As an aside, the only publication to deal with the issue of the volume of wine delivered to the monastery is Bacot, S. (2008). “La circulation du vin dans les monastères à l’époque copte”, in N. Grimal & B. Menu (eds) Le commerce en Égypte ancienne (Cairo: IFAO), 269–288. However, I believe that the conclusions reached here need to be revised, concerning the amount of wine delivered to the monastery annually and how much constituted ‘one camel load’.

Monks, Camels, and Wine

Monks, Camels, and Wine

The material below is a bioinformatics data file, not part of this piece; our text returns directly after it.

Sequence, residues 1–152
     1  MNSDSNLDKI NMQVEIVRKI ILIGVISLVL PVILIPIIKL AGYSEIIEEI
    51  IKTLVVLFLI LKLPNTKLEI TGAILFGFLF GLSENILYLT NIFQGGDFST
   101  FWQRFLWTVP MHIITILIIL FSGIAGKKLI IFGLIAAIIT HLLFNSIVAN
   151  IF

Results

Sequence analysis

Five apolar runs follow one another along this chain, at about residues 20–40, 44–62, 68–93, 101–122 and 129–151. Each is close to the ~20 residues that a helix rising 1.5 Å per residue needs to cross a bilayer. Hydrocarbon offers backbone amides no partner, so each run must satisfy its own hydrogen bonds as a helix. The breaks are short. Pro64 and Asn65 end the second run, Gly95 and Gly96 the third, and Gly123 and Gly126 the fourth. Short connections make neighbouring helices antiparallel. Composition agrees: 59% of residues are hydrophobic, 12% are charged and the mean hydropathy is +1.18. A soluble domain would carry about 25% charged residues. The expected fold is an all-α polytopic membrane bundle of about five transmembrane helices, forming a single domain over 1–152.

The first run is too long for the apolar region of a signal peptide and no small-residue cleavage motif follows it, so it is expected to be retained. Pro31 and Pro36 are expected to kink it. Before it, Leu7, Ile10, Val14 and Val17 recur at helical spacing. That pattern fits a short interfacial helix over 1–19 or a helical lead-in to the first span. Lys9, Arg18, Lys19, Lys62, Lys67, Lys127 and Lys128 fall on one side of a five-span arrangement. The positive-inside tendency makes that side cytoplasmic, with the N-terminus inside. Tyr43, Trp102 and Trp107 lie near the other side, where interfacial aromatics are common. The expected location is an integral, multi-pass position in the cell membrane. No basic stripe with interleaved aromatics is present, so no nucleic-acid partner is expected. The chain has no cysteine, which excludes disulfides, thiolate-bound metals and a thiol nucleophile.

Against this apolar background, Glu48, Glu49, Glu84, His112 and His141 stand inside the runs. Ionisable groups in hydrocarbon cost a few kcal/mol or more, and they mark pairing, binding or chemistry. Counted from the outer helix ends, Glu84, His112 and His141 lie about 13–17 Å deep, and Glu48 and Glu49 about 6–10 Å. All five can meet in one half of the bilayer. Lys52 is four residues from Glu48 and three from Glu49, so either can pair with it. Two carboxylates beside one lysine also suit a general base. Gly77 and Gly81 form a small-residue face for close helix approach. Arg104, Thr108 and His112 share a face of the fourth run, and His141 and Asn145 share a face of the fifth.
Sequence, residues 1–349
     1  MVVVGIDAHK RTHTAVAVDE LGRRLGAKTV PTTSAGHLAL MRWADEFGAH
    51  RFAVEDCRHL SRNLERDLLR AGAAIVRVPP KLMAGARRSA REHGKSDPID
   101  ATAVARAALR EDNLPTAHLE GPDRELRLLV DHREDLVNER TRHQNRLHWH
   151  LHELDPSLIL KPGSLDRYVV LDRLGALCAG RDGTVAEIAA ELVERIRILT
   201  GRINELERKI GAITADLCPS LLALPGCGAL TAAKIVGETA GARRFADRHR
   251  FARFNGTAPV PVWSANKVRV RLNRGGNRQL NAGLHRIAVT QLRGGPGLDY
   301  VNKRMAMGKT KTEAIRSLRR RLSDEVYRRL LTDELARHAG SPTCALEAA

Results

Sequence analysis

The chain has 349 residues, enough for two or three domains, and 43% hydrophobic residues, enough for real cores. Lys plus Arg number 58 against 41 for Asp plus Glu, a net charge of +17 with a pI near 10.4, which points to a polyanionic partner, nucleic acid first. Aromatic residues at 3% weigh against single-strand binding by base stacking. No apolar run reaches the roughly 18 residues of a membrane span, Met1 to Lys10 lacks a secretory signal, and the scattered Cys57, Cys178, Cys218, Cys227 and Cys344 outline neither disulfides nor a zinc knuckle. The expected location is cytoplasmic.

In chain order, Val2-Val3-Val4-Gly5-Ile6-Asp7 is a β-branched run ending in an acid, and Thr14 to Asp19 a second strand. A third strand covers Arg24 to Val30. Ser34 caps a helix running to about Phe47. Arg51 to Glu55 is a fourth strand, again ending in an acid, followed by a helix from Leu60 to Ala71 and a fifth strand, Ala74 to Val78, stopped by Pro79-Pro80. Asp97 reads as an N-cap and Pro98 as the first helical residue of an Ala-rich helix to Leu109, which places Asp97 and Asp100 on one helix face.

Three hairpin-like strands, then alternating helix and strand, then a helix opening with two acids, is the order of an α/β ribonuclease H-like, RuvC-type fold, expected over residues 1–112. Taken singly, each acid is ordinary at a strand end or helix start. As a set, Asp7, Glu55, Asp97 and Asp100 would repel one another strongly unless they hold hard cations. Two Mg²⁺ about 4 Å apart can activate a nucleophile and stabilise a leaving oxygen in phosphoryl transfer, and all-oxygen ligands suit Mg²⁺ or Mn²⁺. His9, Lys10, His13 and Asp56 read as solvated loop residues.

Since 2009/10, I have been studying the corpus of texts written at the monastery of Apa Thomas at Wadi Sarga, a valley ca. 25 km south of modern Asyut in central Egypt. In 2013, I held a British Museum Postdoctoral Fellowship in the Department of Ancient Egypt and Sudan, in order to study and photograph the published and unpublished items from the site that bear writing on them, whether in ink or incised, and whether labels or longer documents. From the beginning of 2015, I began a Fellowship at the University of Copenhagen. The main focus of my research here is the monastery at Wadi Sarga, about its history and its day-to-day life, including its organisation, administration, economy, and relationship with near and distant communities. My work is based on the written record that survives from the site, but work on other material from the monastery is currently being studied (as part of a larger project at the British Museum) and provides vital context for the textual evidence.